testimonials

Unley City Council

"I do not have enough or the right words to summarise how we all feel at Council about the Found,out project.
It was so well thought through and beautifully delivered.
......... The interaction with the community was amazing and the legacy of this work will resonate for a long time. Positive, intimate, perceptive, inclusive , welcoming, creative community engagement.
All the feedback has been so positive. ...............
My special thanks to the inspirational Morag Cook whose project management skills are …well, awesome is not too strong a word.

Thanks on behalf of the Unley community."
Matthew Ives, Unly City Council, Cultural Development Coordinator

Mandala Opening Event

" We were thrilled with - and our guests were extremely impressed by - the stage presence that Morag was able to create for our event. It was world class. We will certainly be using her services in the future and recommending her to our other clients"
Chris Rann , Rann Communication

Holding the Man


Morag Cook’s set is perhaps the true star of the production. Wooden frames hold shelves encasing the stage. ..... It is these constantly delicate touches in the design that add so much to the story of these two men.
The play of a memoir, Cook’s shelves build up with the trinkets and the memories, of the characters, of a lifetime. As a passage of life is concluded and a skin is shed, an object is left behind and a memory is saved. Through the path from scene to scene, the set itself builds as a memoir around Tim and John.
No plain Jane

Director Rosalba Clemente has chosen to stage the production with ‘utmost simplicity’, as is stated in the program. The design, by Morag Cook, is multifunctional and segregates the space practically. It is both definitive and non-obtrusive, which is a remarkable feat given that so many locations are represented throughout the production with minimal changes to the set._
Paul Rodda, the barefoot review

God of Carnage

All this genteel parental sturm und drang takes place on the fearfully stylish Arabian-motif French living room set designed by Morag Cook - a statement in its own right. In all, this bitterly funny play, despite its rather abrupt ending, is jewel in the crown of State Theatre programming._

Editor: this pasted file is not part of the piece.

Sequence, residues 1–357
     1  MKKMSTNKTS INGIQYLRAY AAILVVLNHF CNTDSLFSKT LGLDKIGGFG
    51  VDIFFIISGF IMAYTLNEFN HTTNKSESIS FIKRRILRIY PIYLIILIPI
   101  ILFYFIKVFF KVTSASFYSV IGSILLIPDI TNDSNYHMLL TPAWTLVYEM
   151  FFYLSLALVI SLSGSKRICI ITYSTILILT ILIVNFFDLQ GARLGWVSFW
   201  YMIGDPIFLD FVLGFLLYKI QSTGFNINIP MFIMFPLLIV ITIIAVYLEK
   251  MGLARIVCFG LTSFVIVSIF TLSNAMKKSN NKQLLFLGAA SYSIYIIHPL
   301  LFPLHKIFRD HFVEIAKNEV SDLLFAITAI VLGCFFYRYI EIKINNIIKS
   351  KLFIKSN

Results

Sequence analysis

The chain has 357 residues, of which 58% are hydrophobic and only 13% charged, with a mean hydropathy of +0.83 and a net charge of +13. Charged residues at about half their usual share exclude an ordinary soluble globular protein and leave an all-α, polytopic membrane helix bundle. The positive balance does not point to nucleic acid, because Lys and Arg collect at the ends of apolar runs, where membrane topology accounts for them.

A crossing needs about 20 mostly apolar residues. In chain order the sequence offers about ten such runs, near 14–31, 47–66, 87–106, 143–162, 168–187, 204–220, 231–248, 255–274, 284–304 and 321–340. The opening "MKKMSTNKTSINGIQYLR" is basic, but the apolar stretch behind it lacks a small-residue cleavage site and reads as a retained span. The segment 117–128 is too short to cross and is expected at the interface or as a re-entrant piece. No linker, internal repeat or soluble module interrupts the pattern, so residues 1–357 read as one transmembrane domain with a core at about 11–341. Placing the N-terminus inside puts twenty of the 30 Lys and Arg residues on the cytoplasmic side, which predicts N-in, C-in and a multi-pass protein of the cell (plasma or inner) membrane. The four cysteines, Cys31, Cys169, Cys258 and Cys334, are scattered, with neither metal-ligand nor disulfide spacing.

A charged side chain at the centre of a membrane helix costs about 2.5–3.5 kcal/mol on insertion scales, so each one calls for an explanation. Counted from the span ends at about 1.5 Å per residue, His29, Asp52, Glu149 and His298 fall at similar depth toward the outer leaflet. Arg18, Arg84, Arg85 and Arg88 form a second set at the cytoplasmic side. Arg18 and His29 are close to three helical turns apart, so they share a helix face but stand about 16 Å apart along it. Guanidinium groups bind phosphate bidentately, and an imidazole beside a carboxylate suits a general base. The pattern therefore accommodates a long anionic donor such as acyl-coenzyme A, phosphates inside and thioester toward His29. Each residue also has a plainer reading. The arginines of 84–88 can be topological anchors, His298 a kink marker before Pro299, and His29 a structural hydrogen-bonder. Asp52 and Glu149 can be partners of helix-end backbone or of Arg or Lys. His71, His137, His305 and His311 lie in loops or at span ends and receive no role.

SAMELA HARRIS AdelaideNow September 22

Seven Stages of Grieving

Some 16 years ago, Deborah Mailman and Wesley Enoch co-wrote this spell-binding monologue for an indigenous female actor and it became the launch pad for Mailman’s career. I will never forget the great block of ice suspended above her, gradually melting through its ropes and providing a metaphor for restlessness weeping.
This new design by Morag Cook takes a different tack but one that is just as effective evoking the sackcloth and ashes of mourning.
In the foreground, a wooden circle holds a grave sized cut out filled with red dust. The backdrop is a sacking screen against which are projected the faces of beautiful black children or humiliated men in chains.
Courier Mail, Queensland, July 27 , Sue Gough

The Unexpected Man

Morag Cook’s set is stunning in its simplicity. Cook uses two see-through, mirror-sided panes of glass of each side of the stage, creating a train compartment enabling the audience to see the actors clearly, as well as their reflections
Review by Stephanie Johnson
www.theatreguide.com.au

'The Unexpected Man' got four stars - one for designer Morag Cook who put the show on the rails,
‘Morag Cook uses a pivoting rail seat to honour the audience with multiple perspectives of the action - simulating film’
David Grybowski db mag

The Sad Ballad of Penny Dreadful

Annabel Giles and Rory Walker are wonderful in multiple quick change roles, made possible by Morag Cook's inventive costume design. Rather like three-dimensional paper doll cut-out clothing, the costumes are comical, quirky and clever.
Guardian Messenger, Sue oldknow